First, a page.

52. James Pearce says:

    @Jenos Idanian:

    You’re confirming my point, though — your argument isn’t to vote for Hillary, but against Trump.

    Every four years, tens of millions of Americans are faced with this very same dilemma, having to vote for someone they’re not very enthused about.

    In my lifetime, Obama is the only presidential candidate that I actually wanted to be president. The rest I supported because the other guy was awful. This is totally normal, as you yourself acknowledge here:

    And my argument is not to vote for Trump, but against Hillary.

    And I understand wanting to vote against Hillary. Truly, I do. But there are worse things than Hillary in the White House.

    And Donald Trump in the White House is one of them.

  53. Mikey says:

    @bookdragon:

    Otoh, such awards can be used well. My son’s karate club gives participation medals at tournaments to emphasize that competing and doing your best no matter where you place is worthy of recognition. But they also give out 1st and 2nd place trophies, so the winners receive that extra recognition for their achievements.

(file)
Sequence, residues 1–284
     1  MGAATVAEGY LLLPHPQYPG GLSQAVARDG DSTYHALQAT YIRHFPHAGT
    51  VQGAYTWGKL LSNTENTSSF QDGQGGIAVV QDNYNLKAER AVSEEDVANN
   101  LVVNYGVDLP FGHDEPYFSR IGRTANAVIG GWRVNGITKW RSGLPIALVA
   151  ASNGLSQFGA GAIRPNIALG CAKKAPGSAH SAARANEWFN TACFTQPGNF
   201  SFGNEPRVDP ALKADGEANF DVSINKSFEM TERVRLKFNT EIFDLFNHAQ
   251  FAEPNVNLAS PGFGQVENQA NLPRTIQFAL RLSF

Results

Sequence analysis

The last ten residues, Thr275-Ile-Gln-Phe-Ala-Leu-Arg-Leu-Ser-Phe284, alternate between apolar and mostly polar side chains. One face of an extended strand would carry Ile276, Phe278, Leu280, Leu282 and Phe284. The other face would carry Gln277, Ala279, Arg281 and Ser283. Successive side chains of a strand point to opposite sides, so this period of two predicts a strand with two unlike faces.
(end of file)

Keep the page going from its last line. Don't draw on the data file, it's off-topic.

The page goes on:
It’s the same with the marathon. Everyone who finishes gets a medal, because holy crap finishing a marathon is HARD. But there’s still special recognition (and, in some races, a sizable sum of money) for the winners.

  54. David M says:

    @Jenos Idanian:

    Wake me up if someone EVER says a good reason to vote for Hillary. One that stands up to the slightest bit of scrutiny, that is.

    This actually isn’t a difficult challenge, as most people are voting “for” Hillary Clinton rather than “against” Trump. The “against” Trump voters are people who would vote for a Generic Republican but not Trump, and are now torn between rage-quitting this election, longing for SMOD 2016, casting a meaningless Johnson/Stein protest vote, or being an adult and voting Clinton.